Conference highlights link between trauma and addiction

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Renowned addiction specialists Teresa Naseba-Marsh and Dr. David Marsh from Sudbury were in Chatham as the keynote speakers at the Addictions Awareness Conference on Nov.13.
Renowned addiction specialists Teresa Naseba-Marsh and Dr. David Marsh from Sudbury were in Chatham as the keynote speakers at the Addictions Awareness Conference on Nov.13.

Taking a more holistic approach to treating people with substance abuse problems was the focus of the Chatham-Kent Addictions Awareness Conference in Chatham Wednesday.

Four health-care agencies teamed up to host the event at Club Lentinas that was aimed at increasing education around addictions.

The conference featured two renowned addiction specialists who discussed the connection between trauma and addiction.

“People who have experienced traumatic events are more likely to develop (drug) dependence,” said Dr. David Marsh, Associate Dean for community engagement at the Northern Ontario School of Medicine in Sudbury. “A treatment response that is trauma-informed will help benefit those people in terms of addressing the consequences of their trauma as well as addressing their drug use.”

In addition, Marsh suggested the treatment should be co-ordinated to treat a patient’s drug abuse as well as his or her physical and mental health.

“We can’t treat addiction in an isolated way with a treatment that’s only a hammer that hammers everything as if it’s a nail,” said Marsh. “We need a range of different types of addiction treatments to be connected to physical health for things like HIV and hepatitis, and to mental health treatment for depression, trauma and post-traumatic stress disorder.”

Marsh’s wife, Teresa Naseba-Marsh, a psychotherapist, also spoke at the conference.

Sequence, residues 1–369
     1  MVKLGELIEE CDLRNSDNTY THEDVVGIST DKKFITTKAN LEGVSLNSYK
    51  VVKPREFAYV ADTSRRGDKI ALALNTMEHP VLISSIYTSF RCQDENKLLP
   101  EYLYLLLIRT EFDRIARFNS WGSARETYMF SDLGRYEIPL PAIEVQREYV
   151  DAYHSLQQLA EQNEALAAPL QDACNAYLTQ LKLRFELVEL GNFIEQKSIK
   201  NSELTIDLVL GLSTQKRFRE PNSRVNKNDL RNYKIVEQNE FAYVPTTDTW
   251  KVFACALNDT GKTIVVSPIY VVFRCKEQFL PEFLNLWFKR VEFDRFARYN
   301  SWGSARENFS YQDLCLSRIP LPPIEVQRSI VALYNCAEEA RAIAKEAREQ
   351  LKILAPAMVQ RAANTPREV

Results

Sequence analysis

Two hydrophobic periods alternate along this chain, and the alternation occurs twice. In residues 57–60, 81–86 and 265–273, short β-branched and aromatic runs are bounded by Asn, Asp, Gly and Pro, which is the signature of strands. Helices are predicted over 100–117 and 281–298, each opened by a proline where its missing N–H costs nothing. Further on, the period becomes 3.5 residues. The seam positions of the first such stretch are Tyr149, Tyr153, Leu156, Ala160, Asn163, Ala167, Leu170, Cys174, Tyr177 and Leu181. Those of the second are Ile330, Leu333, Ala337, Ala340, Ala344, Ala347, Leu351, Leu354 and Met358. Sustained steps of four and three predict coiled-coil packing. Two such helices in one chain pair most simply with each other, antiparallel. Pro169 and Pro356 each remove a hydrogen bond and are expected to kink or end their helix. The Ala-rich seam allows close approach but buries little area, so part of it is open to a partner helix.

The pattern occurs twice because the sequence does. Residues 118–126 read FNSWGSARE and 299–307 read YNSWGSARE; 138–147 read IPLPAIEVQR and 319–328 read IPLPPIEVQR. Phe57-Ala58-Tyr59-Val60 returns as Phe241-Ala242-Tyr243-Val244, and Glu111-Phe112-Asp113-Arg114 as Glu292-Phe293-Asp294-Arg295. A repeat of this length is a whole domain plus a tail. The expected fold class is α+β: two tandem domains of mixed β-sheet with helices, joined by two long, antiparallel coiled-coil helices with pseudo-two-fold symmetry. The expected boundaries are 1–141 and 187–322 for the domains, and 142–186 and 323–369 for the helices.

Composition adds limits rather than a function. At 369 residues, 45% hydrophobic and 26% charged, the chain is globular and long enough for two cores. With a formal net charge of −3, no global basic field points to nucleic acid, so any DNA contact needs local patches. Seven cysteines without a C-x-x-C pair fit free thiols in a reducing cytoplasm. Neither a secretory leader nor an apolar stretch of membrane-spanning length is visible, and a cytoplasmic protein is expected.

She immigrated to Canada from South Africa in 1992 and has worked with First Nations and Caribbean populations in trauma and addiction.

Naseba-Marsh also incorporates her experience as a yoga and meditation teacher to use holistic healing approaches to help people overcome suffering and addiction.

She noted that when people are traumatized, their nervous system becomes “activated,” which causes things such as nightmares and flashbacks to occur.

“They use substances to de-activate,” said Naseba-Marsh. “So tapping into body work like meditation, yoga and physical exercises can help with de-activation, as opposed to using substances.”

The conference was organized by the Chatham-Kent Health Centres, the Chatham-Kent Health Alliance Mental Health & Addictions Program, the Canadian Mental Health Association and the Westover Treatment Centres.

The theme reflected some new programs that have been developed to help people in Chatham-Kent.

“Most people that come through our clinic have experienced trauma, and substance abuse is the end result. Or they experience trauma because of the substance abuse,” said Cynthia Perritt, an addictions counselor with the C-K Health Centres.

The programs include Teen-Anon that adds an educational component to help young people between the ages of 12 and 19.

Another program, Phoenix Rising, provides care to women, aged 16 and older, who have gone through outpatient or residential treatment programs.

For family members, a support group offers help from people who have dealt with similar experiences.

For more information, call 519-397-5455.

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